- A clinical condition termed as anti-PIT-1 antibody syndrome, that causes autoimmunity to a pituitary-specific transcription factor, PIT-1 had been previously identified.
- This condition is associated with the presence of anti-PIT-1 antibodies and causes deficiency of acquired growth hormone (GH.), prolactin (PRL), and thyroid-stimulating hormone (TSH).
- New findings have detected the presence of thymoma, tumors originating from the thymic gland, in every case of anti-PIT-1 antibody syndrome.
The newly-identified autoimmune endocrine disease that leads to hypopituitarism is caused by thymomas, reveals study.
The findings are by a Japanese research group.
‘The discovery of thymomas's role in triggering various autoimmune diseases will contribute to more effective diagnosis and treatment for patients suffering from autoimmune pituitary diseases, hypopituitarism, and thymomas.’
Thymomas are a type of tumor originating from the thymic gland. They are known to trigger number of autoimmune conditions like myasthenia gravis. Thymomas play a crucial role in triggering the new condition.
These underlying mechanisms could help to understand and develop a treatment for similar autoimmune diseases.
The research group was led by Associate Professor TAKAHASHI Yutaka, Research Fellow BANDO Hironori, and Associate Professor IGUCHI Genzo in Kobe University Graduate School of Medicine.
The immune system if the body is responsible for protecting the body against invading pathogens.
In autoimmune diseases
the immune system starts to attack its own healthy cells and tissue within the body.
There are more than 80 types of autoimmune disease, including rheumatoid arthritis (which affects roughly 1% of the population), systemic lupus erythematosus, and myasthenia gravis.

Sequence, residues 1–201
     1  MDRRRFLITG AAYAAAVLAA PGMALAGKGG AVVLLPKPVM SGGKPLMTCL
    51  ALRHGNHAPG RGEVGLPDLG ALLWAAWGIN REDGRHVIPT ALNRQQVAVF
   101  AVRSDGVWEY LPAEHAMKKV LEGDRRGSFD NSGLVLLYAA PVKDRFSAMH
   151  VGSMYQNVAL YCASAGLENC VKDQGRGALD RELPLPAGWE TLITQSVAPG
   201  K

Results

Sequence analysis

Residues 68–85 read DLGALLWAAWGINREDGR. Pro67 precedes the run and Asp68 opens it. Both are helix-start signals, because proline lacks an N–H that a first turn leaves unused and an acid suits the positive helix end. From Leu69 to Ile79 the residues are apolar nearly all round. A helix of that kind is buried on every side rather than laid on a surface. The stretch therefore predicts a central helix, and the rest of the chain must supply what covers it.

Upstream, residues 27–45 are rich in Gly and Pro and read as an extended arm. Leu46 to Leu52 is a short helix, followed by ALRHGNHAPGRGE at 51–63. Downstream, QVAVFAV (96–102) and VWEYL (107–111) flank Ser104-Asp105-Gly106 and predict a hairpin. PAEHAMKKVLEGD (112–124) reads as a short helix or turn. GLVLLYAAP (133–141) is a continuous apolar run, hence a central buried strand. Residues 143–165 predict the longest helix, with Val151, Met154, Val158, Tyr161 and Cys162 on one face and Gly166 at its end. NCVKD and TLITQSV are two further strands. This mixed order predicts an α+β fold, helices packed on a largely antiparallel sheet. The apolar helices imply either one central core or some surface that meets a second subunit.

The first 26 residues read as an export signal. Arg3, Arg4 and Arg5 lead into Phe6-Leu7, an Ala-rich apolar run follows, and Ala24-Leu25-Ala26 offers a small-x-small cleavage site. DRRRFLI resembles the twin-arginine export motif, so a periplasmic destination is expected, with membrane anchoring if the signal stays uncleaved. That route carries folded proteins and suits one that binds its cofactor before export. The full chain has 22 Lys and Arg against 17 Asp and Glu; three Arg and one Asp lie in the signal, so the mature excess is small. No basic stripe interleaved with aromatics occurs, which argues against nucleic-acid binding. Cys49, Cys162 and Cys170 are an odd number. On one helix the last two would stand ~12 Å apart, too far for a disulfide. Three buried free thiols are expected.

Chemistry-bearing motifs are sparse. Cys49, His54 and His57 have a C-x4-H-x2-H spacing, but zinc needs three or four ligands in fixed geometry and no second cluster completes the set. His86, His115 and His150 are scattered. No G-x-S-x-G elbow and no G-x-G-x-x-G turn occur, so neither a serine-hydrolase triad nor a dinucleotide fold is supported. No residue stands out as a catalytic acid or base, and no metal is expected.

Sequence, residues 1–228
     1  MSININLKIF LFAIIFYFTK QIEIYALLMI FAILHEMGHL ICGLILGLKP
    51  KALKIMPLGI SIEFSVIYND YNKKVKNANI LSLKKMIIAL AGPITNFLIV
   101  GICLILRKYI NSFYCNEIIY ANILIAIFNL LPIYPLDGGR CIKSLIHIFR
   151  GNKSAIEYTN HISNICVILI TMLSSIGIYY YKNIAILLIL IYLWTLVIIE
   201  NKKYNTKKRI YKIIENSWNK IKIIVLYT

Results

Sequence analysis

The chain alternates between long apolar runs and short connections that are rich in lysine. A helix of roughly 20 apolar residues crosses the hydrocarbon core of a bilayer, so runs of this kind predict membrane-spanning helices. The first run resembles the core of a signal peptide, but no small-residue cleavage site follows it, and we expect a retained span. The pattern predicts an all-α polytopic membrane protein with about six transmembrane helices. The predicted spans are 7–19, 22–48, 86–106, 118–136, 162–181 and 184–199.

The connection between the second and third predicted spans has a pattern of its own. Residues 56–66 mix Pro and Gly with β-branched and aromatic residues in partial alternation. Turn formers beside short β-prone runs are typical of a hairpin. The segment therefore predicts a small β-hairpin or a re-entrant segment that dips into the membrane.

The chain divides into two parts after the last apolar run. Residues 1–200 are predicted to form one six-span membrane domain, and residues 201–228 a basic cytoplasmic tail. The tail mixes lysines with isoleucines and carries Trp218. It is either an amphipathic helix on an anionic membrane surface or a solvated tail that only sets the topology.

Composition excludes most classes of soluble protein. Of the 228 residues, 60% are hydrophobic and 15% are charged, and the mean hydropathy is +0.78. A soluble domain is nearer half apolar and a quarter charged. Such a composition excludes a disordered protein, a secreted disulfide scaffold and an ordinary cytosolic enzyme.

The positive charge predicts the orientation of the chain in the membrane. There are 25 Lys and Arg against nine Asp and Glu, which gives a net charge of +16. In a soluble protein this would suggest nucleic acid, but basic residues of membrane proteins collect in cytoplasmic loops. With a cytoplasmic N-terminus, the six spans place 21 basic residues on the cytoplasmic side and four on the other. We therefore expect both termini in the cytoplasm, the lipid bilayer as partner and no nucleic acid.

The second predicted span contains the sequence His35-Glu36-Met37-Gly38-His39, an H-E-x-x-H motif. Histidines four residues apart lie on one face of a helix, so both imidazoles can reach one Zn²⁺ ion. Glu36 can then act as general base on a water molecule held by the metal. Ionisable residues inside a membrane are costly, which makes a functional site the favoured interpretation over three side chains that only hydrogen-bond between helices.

Main symptoms include fatigue, muscle ache and low grade fever accompanied by inflammation.
The pituitary gland is an important gland that plays the crucial role of regulating various hormones. It is located at the base of the brain.
Anti-PIT-1 Antibody Syndrome
In previous studies, Professor Takahashi's research team discovered an autoimmune disease. This new clinical entity causes autoimmunity to a pituitary-specific transcription factor, PIT-1 that plays an essential role in producing growth hormone (GH), thyroid stimulation hormone (TSH), and prolactin (PRL).
In patients with this condition, anti-PIT-1 antibodies were detected and hence this disease was named anti-PIT-1 antibody syndrome.
Anti-PIT-1 antibody syndrome is characterized by acquired growth hormone (GH), prolactin (PRL), and thyroid-stimulating hormone (TSH) deficiencies.
The cause that led to the breakdown of immune tolerance against PIT-1 remained unclear.
Role of Thymus Gland
The new study has identified that thymoma triggers this syndrome.
Thymoma was detected in every case of anti-PIT-1 antibody syndrome. PIT-1 was abnormally expressed within the thymoma and this evoked the immune tolerance breakdown.
Cytotoxic T cells (CTLs) are a type of "killer" white blood cell that destroy tumor cells as a part of immune responses. These cells are "trained" in the thymic gland, and during these processes both positive and negative selections take place.
In the thymic cortex, T cells are trained to be able to recognize various antigens (positive selection) and in the medulla, T cells that react with self-antigens are deleted (negative selection). These sophisticated systems enable T cells to correctly target foreign antigens.
In anti-PIT-1 antibody syndrome, PIT-1 is abnormally expressed in thymoma cells, therefore T cells that react to PIT-1 are produced and an autoimmunity is triggered.
"Around 20% of hypopituitarism cases are caused by unknown factors. This discovery has clarified one of the causes," said Associate Professor Takahashi. "We hope that this discovery will contribute to more effective diagnosis and treatment for patients suffering from autoimmune pituitary diseases, hypopituitarism, and thymomas."
These findings are published in the online edition of Scientific Reports
- Autoimmune Diseases - (https:medlineplus.gov/autoimmunediseases.html)
- TAKAHASHI Yutaka et al. A novel thymoma-associated autoimmune disease: Anti-PIT-1 antibody syndrome. Scientific Reports; (2017)